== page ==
Stu­dents are turn­ing away from STEM at alarm­ing rates – so how do we ar­rest the slide?

The Australian Education Reporter - - FRONT PAGE - EMMA DAVIES

As­tro­physi­cist and STEM cham­pion Prof. Alan Duffy

Stu­dents are turn­ing away from STEM at alarm­ing rates – so how do we ar­rest the slide?

To en­gage more young peo­ple, as­tro­physi­cist and STEM cham­pion Alan Duffy says learn­ing should be a tool­kit for cu­ri­ous stu­dents to ex­plore and ex­plain the world around them.

Q. Why is sci­ence ed­u­ca­tion so im­por­tant?

It is crit­i­cal that young peo­ple be­come as sci­en­tif­i­cally lit­er­ate as pos­si­ble. We live in an age of in­creas­ing tech­no­log­i­cal so­phis­ti­ca­tion where the so­lu­tions to some very se­ri­ous chal­lenges in the fu­ture will re­quire more sci­ence, not less.

Young stu­dents to­day are the vot­ers of to­mor­row, and while only some of them are in­volved in de­sign­ing, cre­at­ing or im­ple­ment­ing fu­ture tech­nolo­gies, all of them will be asked to judge the so­lu­tions to some very com­plex sit­u­a­tions.

Q. How can schools pre­pare stu­dents for the jobs of the fu­ture?

While it’s im­pos­si­ble to ac­cu­rately pre­dict the ex­act na­ture of fu­ture jobs – sig­nif­i­cant num­bers haven’t even been cre­ated – it’s fair to say that some things never change, and that’s ex­actly what schools should fo­cus on.

The ba­sic laws of sci­ence, math­e­mat­ics and en­gi­neer­ing prin­ci­ples will only be more rel­e­vant for fu­ture roles than they are to­day, as in­dus­tries be­come more tech­no­log­i­cally ad­vanced.

Hav­ing fa­mil­iar­ity of com­puter cod­ing will be valu­able. Although ad­vances in AI may re­quire less hands-on pro­gram­ming and more high-level guid­ance of self-de­vel­op­ing code, the need to un­der­stand how it works will be crit­i­cal.

Hav­ing that ground­ing in STEM and com­puter sci­ence ba­sics will be in­valu­able, but so too is the abil­ity to learn.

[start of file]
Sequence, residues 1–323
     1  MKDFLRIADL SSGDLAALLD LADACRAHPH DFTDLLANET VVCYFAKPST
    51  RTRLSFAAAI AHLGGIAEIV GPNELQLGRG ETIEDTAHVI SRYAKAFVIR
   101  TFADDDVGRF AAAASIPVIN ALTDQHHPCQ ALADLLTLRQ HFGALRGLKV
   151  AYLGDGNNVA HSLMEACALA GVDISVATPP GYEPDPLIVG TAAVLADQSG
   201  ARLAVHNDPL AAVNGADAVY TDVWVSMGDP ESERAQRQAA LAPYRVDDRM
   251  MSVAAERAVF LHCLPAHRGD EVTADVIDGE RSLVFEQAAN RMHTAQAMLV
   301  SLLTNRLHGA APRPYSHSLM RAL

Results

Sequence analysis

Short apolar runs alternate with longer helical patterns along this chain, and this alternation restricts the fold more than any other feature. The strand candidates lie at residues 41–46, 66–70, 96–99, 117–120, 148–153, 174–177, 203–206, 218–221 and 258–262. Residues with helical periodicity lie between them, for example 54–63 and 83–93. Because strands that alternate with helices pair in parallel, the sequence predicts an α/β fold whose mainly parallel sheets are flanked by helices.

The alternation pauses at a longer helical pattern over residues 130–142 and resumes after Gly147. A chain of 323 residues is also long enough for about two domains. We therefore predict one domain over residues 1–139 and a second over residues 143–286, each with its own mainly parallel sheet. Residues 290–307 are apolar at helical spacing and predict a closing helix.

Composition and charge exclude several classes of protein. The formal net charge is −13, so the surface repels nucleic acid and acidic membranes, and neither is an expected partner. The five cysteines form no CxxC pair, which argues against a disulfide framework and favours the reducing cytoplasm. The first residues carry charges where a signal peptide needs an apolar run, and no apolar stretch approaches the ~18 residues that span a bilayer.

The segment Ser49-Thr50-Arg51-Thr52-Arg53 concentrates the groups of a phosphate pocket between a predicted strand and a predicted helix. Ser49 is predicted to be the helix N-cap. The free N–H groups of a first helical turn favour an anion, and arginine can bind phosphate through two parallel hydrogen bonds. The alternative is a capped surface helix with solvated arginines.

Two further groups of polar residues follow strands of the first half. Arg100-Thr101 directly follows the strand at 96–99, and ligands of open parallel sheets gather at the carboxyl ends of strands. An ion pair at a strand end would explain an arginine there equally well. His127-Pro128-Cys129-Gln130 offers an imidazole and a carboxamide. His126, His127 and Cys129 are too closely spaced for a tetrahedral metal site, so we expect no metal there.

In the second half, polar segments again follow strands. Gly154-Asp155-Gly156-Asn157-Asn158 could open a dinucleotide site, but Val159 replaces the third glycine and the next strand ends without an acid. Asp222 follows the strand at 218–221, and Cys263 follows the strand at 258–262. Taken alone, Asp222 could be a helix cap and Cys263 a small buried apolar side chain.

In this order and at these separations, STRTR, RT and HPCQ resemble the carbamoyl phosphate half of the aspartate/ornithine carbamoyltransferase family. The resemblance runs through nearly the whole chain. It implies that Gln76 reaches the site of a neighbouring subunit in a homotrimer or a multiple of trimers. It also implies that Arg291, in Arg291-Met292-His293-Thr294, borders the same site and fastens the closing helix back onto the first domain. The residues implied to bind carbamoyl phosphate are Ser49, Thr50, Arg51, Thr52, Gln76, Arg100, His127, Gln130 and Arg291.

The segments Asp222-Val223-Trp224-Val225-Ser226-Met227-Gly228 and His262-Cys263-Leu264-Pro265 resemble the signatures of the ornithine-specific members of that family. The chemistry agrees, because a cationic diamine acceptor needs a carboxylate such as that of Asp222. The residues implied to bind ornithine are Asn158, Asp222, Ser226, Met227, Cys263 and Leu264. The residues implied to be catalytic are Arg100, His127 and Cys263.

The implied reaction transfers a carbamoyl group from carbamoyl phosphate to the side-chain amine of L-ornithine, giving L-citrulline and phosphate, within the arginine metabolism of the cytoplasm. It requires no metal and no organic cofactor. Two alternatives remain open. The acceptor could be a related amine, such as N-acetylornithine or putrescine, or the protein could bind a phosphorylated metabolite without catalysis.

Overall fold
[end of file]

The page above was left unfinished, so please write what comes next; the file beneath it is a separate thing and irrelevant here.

Stu­dents will be con­stantly find­ing so­lu­tions, learn­ing new skills, and teach­ing them­selves how to use as-yet unimag­ined tools.

So schools should teach the ba­sics, but in a way that has the stu­dents learn­ing how to learn; then they can be ready for whatever the fu­ture holds.

Q. What makes STEM sub­jects at­trac­tive to stu­dents?

Mak­ing STEM sub­jects rel­e­vant to a stu­dent’s life is an easy way for them to see the value of what can oth­er­wise be highly ab­stract con­cepts.

For ex­am­ple, the fact that time ticks slower the closer you are to the Earth’s sur­face is a bizarre out­come from Ein­stein’s Gen­eral Rel­a­tiv­ity, and that will ap­peal to cer­tain stu­dents.

But per­haps you’ll find more will be in­ter­ested if you men­tion that this causes the atomic clocks in space to race ahead of the more slowly mov­ing clocks on Earth.

This would re­sult in the sat­nav on your smart­phone be­ing in­ac­cu­rate by 100m within hours if not cor­rected.

That’s why we ex­plore sci­en­tific dis­cov­er­ies in con­text and in an ap­proach­able way at Aus­tralia’s Sci­ence Chan­nel.

STEM is not a sub­ject to be learnt for a test, it’s a tool­kit to ex­plore and ex­plain the world around you.

Q. How do we en­cour­age more fe­male stu­dents into STEM?

There is a chal­leng­ing and deeply seated false­hood in our so­ci­ety that STEM is for boys, and girls aren’t in­ter­ested – or worse yet, in­ca­pable – of pur­su­ing it as a topic.

It’s sim­ply not fair that fe­male stu­dents are miss­ing out on the joy of study­ing sci­ence or maths, or the in­cred­i­ble ca­reers to be had in en­gi­neer­ing and tech­nol­ogy.

If we hope to solve the chal­lenges around us as a so­ci­ety we need our best and bright­est to work in STEM, and you won’t get that with only half the pop­u­la­tion.